Assessment and Monitoring


Government has an obligation to progressively realize the right to food. But in order to know what needs to be done, the current situation of a country, a district, a community or a sector needs to be understood. Only if we know whose right to food is not realized and why, and to what extent the legal, institutional and policy framework is conducive to progress on the right to food, an adequate response can be formulated. The whole process is called Right to Food Assessment.

The flip-site of the coin is Right to Food Monitoring and Evaluation: Has the agreed plan be implemented? And did it lead to the expected results? When looking at monitoring from a human rights perspective, we analyze the outcome of a certain action and whether human rights principles were applied in the process. 

A crucial aspect of whether a Government succeeds in realizing the right to food is how many resources it invests and whether it uses these resources wisely. Budget analysis is thus an important aspect of both assessment and monitoring.

FAO supports member states and regional organizations in all of these areas. We offer the lead the conceptual thinking in these areas, prepare guidance material and provide technical assistance at country level.

Right to Food Assessment

A profound assessment of a legal, policy and institutional framework is the starting point for a country to implement the right to food. Such an assessment usually starts with the identification of the food-insecure, vulnerable and marginalized groups and the underlying reasons for their deprivation. The next step is to analyze a country’s laws, policies and institutions to understand whether a government is on track in responding to the root causes of hunger and if there are any potential risks that could jeopardize the furthering of the right to adequate food. This will also provide knowledge of what measures need to be taken to address possible gaps. The assessment will furthermore provide understanding of the implementation processes and impacts of existing (or proposed) policy and programme measures as well as the needs for policy and programme re-design to facilitate the realization of the right to adequate food.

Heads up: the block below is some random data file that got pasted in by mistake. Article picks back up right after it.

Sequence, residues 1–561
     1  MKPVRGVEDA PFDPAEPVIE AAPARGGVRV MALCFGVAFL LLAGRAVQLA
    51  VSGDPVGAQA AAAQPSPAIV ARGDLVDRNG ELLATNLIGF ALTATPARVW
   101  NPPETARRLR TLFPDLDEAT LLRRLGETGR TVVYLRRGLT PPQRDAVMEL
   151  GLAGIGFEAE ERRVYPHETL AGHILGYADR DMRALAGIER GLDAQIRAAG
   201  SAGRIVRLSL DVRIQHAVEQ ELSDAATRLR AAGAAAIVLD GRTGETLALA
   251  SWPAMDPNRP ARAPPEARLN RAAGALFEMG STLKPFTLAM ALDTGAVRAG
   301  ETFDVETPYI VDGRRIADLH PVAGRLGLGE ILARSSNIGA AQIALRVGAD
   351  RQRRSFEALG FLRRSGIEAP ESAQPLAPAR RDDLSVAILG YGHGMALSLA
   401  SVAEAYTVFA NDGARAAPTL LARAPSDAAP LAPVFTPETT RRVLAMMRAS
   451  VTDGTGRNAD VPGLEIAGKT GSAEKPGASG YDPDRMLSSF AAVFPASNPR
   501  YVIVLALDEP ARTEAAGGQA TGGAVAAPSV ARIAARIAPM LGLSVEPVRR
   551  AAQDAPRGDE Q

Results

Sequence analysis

The right to food assessment is not only relevant to countries with acute food insecurity problems; food adequacy issues are also relevant for developed countries.